In no particular order …

1. Clerks

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McKinsey estimates that the demand for clerk positions could decline by 1.6 million jobs by 2030. It defines the role as “receptionists and information clerks, general office clerks, bookkeeping, accounting, and auditing clerks, and shipping, receiving, and inventory clerks.”

This broader concept is reflected in Bureau of Labor Statistics (BLS) data, which shows more than a dozen different clerk-related occupations that are expected to sustain declines in employment between 2022 and 2032. 

Some of the worst projections? Financial clerks are expected to face a 14%-plus decline in jobs, file clerks and payroll and timekeeping clerk employment is projected to drop by 16%, and information clerk employment is estimated to wither by more than 18% by 2032.

All of these types of jobs involve some highly repetitive tasks that automated systems are expected to perform sufficiently.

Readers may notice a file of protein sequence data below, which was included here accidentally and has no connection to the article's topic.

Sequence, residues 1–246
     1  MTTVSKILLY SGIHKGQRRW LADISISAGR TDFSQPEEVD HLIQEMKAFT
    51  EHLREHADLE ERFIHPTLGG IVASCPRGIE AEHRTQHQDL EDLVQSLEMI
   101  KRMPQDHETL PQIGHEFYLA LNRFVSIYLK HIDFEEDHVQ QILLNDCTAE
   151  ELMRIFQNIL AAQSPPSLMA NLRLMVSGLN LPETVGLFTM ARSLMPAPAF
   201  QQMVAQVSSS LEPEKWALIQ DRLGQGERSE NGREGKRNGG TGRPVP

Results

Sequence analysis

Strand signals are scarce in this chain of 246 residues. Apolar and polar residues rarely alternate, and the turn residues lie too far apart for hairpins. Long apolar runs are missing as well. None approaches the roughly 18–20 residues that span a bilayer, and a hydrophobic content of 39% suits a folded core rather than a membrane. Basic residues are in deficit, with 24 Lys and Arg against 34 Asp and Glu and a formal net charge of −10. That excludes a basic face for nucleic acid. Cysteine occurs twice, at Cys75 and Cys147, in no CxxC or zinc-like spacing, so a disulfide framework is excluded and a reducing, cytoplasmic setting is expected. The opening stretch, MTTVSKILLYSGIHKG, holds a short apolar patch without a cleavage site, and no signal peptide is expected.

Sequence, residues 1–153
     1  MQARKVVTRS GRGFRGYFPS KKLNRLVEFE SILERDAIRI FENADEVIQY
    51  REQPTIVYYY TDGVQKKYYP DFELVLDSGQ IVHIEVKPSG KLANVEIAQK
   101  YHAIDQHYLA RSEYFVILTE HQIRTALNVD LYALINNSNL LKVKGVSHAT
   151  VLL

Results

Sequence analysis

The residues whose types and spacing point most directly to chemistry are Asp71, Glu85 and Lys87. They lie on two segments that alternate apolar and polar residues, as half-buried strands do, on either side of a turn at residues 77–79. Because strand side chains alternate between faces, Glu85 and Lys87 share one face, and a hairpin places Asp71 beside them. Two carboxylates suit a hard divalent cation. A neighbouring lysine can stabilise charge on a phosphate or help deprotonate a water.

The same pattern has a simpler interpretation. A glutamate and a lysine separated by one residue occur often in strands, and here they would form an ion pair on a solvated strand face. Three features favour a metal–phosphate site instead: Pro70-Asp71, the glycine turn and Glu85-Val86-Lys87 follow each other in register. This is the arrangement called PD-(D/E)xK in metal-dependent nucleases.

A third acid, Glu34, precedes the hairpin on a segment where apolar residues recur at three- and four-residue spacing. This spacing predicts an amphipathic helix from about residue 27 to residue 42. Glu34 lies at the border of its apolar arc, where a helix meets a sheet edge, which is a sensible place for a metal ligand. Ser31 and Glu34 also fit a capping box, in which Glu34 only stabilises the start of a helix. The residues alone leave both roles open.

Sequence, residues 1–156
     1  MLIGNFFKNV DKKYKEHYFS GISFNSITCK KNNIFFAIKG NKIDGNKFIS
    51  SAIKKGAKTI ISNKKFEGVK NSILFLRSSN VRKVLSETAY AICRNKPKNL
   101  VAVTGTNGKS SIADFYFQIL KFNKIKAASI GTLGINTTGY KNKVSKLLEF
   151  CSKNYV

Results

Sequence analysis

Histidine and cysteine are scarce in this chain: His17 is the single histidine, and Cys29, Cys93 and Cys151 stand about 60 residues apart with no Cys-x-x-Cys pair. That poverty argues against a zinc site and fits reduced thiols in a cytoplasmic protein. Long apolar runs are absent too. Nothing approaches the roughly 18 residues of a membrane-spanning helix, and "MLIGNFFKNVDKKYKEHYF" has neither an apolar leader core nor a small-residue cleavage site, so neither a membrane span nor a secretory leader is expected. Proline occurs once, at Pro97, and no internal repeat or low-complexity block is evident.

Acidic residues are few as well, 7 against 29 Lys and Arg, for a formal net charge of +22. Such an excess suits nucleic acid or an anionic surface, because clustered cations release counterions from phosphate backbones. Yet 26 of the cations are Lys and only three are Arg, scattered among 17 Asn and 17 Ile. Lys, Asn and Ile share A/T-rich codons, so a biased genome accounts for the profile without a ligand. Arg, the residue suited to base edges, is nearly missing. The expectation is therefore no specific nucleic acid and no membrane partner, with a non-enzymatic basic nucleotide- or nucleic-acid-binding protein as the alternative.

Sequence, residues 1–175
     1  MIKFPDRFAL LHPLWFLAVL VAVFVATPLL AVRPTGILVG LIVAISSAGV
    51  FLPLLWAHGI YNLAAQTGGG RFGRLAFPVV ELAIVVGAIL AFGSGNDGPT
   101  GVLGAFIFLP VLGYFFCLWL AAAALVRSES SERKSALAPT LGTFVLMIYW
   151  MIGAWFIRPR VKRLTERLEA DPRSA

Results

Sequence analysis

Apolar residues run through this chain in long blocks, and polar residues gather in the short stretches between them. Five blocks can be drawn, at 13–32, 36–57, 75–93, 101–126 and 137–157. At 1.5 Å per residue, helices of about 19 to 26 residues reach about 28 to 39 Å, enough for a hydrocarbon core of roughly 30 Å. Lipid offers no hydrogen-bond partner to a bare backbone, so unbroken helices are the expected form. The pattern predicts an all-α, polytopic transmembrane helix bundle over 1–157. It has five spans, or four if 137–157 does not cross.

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2. Retail Sales Workers

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Retail sales workers assist consumers in finding products inside of a physical store and process payments for anything they decide to buy. When applicable, they may answer questions about the products and explain any current promotions. 

McKinsey estimates that 830,000 American retail salesperson jobs could disappear by 2030. The BLS also predicts an employment decline for these positions, but at an estimated 2.2% decrease, that would only amount to roughly 80,000 job losses by 2032—a much less pessimistic view for the profession.